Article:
By Martina Tanga

Happy Birthday to Italian Modernist artist Mario Sironi, who was born on this day, May 12 1885 in Sassari, Sardinia. He did not grow up on the Island, however, as only after a year of his birth, his family moved to Rome. Sironi started out as an engineer, following his father profession, but was quickly drawn to the arts and, in 1903, enrolled at the Academy in Rome. There he met soon-to-be Futurists Giacomo Balla, Umberto Boccioni, and Gino Severini. In 1914, just at the outset of the First World War, Sironi moved to Milan to be part of the newly minted Futurist movement. His involvement with the group, however, was only ideological, as his paintings of the period were solid and more realistic, than dynamic.

During the First World Sironi courageously served at the front. After the war, Sironi settled back in Milan and joined the Fascist Party as it was ascending to power. During Mussolini’s reign, Sironi worked his way up to be the leading caricaturist for the Fascist press, contributing also art criticism. He continued to work as an artist and was involved with large scale mural projects during the 1930s. With the demise of the Duce, Sironi’s work became increasingly dark and abstract. He died in Milan in 1961.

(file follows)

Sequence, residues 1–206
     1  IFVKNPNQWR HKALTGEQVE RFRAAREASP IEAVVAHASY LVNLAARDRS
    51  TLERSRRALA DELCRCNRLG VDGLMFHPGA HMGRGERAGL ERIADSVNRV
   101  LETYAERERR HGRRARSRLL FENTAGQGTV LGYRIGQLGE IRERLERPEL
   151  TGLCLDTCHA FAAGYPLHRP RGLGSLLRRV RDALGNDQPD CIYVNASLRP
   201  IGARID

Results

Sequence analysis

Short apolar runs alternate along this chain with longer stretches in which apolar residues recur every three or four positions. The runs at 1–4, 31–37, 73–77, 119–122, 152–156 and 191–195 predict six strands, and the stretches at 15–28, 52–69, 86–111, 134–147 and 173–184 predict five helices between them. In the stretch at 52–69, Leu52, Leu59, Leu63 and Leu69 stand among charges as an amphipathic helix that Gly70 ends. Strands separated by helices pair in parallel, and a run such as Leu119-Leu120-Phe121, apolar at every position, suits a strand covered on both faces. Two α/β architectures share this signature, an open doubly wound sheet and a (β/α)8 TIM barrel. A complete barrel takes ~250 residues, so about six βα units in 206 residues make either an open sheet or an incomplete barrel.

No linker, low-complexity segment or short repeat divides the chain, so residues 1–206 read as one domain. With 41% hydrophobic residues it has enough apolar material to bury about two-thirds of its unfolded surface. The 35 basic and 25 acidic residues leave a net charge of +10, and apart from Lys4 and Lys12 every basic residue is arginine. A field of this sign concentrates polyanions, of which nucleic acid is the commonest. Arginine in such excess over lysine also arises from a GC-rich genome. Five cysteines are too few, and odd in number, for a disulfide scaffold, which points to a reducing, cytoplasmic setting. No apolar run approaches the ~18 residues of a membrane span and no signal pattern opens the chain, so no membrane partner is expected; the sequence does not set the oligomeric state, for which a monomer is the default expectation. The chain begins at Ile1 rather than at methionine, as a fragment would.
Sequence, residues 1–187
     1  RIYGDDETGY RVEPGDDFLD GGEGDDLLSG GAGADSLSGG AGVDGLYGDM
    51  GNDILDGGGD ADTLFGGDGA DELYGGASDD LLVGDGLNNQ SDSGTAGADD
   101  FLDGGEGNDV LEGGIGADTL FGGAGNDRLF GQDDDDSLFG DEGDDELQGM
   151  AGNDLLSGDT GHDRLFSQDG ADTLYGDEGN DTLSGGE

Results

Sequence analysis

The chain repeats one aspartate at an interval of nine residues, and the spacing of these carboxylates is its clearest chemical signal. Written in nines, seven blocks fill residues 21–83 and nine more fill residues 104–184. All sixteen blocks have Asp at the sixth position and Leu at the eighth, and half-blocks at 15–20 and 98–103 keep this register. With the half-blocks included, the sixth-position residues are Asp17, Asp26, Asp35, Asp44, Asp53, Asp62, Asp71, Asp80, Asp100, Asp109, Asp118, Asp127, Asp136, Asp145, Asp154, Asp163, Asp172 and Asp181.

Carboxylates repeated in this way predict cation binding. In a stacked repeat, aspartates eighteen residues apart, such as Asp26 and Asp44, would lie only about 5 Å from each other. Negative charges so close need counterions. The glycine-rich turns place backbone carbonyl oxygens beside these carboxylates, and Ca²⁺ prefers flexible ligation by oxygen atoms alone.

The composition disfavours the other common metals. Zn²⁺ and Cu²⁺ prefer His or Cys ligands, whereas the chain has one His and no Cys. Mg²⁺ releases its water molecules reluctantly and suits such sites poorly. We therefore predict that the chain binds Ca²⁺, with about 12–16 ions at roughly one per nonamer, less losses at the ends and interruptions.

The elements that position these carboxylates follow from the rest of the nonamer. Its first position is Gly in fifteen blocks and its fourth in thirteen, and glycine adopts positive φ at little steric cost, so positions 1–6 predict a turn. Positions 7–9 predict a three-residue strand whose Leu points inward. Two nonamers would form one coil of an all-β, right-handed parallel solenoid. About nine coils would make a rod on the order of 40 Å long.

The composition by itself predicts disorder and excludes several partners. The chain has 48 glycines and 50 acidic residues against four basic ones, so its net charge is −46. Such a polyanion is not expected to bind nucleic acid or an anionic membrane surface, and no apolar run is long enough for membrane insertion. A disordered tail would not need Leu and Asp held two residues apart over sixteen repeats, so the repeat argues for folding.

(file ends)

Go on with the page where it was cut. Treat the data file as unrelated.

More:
La lampada, 1919, oil on canvas, 78 x 56 cm, Pinacoteca di Brera, Milan

Dancing on Stage, oil on canvas, Estorick Collection of Modern Italian Art.

Susanna and the Elders, 1935, Oil on canvas on composition board, Museum of Modern Art, New York

Multiplication, c. 1941, oil on canvas, Museum of Modern Art, New York

Composizione o Composizione e figure, 1957, oil on canvas, Fondazione Cariplo

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